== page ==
PART III — PRACTICES

PART III — PRACTICES

A. PRAYER

From the very beginning, the Coptic Church was, and still is, essentially a church of Prayer. The tendency towards mysticism so marked within the Egyptians, found an ardent expression in Christianity. Hence, the numerous paths taken by the Fathers: Paths of devotion, adoration, gratitude, conversing and petitioning. These paths are:

THE LITURGY: esteemed the summit of prayers, because it is the Ritual through which the Holy Spirit descends on the Bread and Wine turning them into the actual Body and Blood of the Christ, that is transubstantiates them. This conviction of the factuality of transubstantiation is emphatically expressed by the officiating priest at the end of each Liturgy, and just before he communes he and the people. He declares: “Amen. Amen. Amen. I believe - I believe. I believe; and I confess to the last breath that this is the Life - giving Body which Your Only - Begotten Son our Lord, our God and our Savior, has taken from our Lady and our Queen all of us the mother - pf - God, the Saint the Pure Mary He has made It one with His Divinity without mixing nor fusion nor change...

The Liturgies extend in the Coptic Church are:

THE KYRILLIAN: according to tradition it was handed orally by St. Mark himself, and continued to be orally legated until Abba Kyrillos I wrote it down, putting it in its present form hence its name. It is so spiritual that it is chanted specifically during Lent and sometimes during Advent too.

THE GREGORIAN: written by St. Gregory the Theologus (or speaker of things divine). He was Bishop of Sazima (Asia Minor) towards the end of the fourth century. This is used on diverse occasions and according to the desire of the officiating priest.

THE BASILIAN: written by St. Basil Bishop of Cappadocia and contemporary with Gregory. It is the one most commonly used.

And because the Liturgy is held in such high esteem, it is preceded by prayers termed “The Lifting - up of the Incense ", which is chanted at two different times: one in the evening and one in the morning. These prayers comprise petitions for the departed, the travelers and the offerings, followed by incensing and praying preliminary to reading the Gospel. After that, prayers are offered for peace, the fathers and all places wherein the Faithful assemble, the Nile, the plants, the wind and the fruits.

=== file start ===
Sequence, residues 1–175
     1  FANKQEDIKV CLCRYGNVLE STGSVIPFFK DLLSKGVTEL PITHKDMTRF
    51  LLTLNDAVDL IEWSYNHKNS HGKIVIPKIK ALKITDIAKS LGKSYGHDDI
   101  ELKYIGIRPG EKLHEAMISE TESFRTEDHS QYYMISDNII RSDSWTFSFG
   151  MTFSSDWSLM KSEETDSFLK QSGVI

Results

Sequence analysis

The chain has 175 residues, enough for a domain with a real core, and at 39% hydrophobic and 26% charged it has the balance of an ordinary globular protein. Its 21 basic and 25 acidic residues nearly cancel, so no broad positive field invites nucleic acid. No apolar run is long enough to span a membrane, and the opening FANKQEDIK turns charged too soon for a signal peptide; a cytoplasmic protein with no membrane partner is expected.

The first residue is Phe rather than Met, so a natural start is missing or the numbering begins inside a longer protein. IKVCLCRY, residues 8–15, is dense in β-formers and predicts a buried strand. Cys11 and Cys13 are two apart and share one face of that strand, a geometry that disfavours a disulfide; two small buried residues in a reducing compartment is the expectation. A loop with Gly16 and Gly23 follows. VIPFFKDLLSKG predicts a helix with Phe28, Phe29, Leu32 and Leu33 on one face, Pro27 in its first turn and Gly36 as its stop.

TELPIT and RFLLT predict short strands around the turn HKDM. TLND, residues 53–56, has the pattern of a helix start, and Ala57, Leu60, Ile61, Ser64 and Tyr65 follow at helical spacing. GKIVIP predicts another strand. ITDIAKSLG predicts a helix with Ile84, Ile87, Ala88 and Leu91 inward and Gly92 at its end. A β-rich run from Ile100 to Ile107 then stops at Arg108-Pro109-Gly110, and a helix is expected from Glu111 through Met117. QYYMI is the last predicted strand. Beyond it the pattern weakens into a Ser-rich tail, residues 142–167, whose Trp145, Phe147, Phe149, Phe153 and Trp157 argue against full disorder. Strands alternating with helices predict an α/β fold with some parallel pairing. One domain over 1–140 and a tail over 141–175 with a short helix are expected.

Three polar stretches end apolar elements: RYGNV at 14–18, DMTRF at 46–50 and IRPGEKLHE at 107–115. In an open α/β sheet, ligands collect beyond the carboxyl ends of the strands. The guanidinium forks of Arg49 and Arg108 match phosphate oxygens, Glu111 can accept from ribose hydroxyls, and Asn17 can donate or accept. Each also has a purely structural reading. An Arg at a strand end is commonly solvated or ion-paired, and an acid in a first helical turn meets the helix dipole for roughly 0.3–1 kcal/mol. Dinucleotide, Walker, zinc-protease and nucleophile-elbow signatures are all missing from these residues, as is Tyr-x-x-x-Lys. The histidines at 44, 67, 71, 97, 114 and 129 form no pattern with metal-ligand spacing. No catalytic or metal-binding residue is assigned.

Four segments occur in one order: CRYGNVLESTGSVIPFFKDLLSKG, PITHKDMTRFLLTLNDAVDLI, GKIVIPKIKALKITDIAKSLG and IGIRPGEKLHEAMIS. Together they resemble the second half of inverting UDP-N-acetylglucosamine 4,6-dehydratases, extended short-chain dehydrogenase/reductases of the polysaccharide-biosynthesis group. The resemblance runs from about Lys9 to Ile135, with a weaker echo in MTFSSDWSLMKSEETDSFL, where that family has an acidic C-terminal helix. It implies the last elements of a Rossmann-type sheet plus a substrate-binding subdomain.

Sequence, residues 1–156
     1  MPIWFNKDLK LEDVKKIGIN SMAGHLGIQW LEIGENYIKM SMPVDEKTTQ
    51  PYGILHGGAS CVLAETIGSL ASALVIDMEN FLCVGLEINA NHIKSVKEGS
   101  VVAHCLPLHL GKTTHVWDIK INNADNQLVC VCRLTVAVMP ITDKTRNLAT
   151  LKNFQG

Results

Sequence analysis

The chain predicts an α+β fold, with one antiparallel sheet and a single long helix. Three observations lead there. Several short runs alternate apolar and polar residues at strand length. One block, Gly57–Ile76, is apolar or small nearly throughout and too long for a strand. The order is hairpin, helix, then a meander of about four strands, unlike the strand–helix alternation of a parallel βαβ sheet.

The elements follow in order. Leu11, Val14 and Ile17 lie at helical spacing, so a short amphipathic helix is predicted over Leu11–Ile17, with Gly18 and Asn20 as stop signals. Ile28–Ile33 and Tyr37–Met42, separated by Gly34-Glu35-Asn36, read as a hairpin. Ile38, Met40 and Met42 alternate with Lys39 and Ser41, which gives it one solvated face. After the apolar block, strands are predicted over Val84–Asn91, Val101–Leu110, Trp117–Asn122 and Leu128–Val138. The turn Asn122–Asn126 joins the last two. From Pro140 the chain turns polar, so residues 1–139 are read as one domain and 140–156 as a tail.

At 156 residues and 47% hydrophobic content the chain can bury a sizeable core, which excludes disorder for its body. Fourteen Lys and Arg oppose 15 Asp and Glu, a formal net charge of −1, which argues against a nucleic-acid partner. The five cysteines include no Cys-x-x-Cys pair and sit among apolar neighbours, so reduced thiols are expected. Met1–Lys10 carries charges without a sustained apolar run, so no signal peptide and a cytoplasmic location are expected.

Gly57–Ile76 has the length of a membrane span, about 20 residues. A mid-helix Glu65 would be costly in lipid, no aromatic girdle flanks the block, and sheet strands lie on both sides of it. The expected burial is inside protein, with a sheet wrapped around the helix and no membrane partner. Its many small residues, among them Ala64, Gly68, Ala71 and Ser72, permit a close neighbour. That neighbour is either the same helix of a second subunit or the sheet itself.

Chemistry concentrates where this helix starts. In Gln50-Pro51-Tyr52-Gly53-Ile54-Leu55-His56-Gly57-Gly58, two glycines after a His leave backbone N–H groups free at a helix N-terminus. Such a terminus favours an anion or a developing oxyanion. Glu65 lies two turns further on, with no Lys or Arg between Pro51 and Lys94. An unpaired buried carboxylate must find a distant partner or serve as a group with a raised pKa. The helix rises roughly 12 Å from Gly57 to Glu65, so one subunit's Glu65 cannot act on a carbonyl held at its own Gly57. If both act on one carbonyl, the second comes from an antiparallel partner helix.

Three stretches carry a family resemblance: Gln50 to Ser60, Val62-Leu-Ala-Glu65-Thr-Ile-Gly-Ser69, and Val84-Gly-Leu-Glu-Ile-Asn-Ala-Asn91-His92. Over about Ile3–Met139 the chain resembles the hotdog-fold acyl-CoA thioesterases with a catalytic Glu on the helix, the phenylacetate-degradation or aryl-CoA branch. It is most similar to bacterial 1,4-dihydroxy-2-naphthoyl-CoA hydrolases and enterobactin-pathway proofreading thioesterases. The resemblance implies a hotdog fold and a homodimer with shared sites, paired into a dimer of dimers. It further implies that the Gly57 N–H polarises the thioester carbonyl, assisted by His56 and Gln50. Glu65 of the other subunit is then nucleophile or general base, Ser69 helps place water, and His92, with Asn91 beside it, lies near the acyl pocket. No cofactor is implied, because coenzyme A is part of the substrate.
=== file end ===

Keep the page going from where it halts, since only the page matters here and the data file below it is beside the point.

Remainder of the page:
It should be noted that all prayers are commenced by the Lord’s Prayer, the Prayer of Thanksgiving (recorded at the end) , and Psalm 51. Also, before beginning the Liturgy, set portions from the Epistles (Pauline and general) , the Acts and the Gospel are chanted in Coptic and read in Arabic. Preceding the Gospel, the priest reads from the Synaxarium the resume of the biography of the saint or (and) the martyr commemorated on that day, the sermon is delivered immediately after the Gospel.

All these prayers and readings are considered the means for climbing towards the height of the summit which is the Liturgy.

THE HORLOGION: (or the Seven Canonical Hours) No one knows the exact date on which they were first used, but we know that the desert Fathers used them as far back as the third century, telling us that they received them from their forebears. These are seven prayers set for certain hours of the day. The Prayers are:

Mattins, said at dawn in commemoration of our Savior's Resurrection.

Terce or Morning, said on waking - up in commemoration of Pilate’s verdict condemning our Lord; also the Holy Spirit descended on the Apostles and Disciples at this hour;

Sexte or midday, said in commemoration of the hour of the Crucifixion..

None or about four in the afternoon, said at the hour when our Redeemer commended His Spirit into the Hands of the Father;

Compline or evening, said' at the hour in which the Body of our Lord was taken down from the Cross;

Sleep, said to commemorate the burial of the Christ, and also as a reminder of the end of life;

Midnight, said on three parts, half an hour separating each to commemorate our Savior's agony at Gethsemane and His going thrice to see His disciples. ln addition, the nuns and monks say a specific prayer for their inward peace called "The Prayer of the Curtain”, recited after the Prayer of Sleep'.

Each of the seven prayers is begun as usual by the Lord’s Prayer, the Prayer of Thanksgiving and Psalm 51. Then each. comprises twelve selected psalms; a set portion from the Gospel; petitions relevant to the hour; Lord have Mercy (forty one times) the number of beatings our Lord endured; the three "Holies”, the Lord’s Prayer and a prayer of absolution also relevant to the hour. There is a special petition said at the end of all these prayers.

KYAK: This is the Coptic month ending on the eighth of January. According to Coptic reckoning, the Nativity took place on the 29th of Kyak. Consequently, there are prayers chanted on the eves of each Sunday of this month, the bulk of which is in praise of the Blessed Virgin. These prayers are called “seven and four”, because on each Sunday evening, seven hymns are chanted in honor of the Mother - of - God, and four in praise of the saints or (and) 1 the martyrs whose commemoration falls on that week. In these prayers, the Copts express their gratitude anr their glorification of Her Who laid: '“from henceforth all generations shall call me blessed”. (Luke I: 48).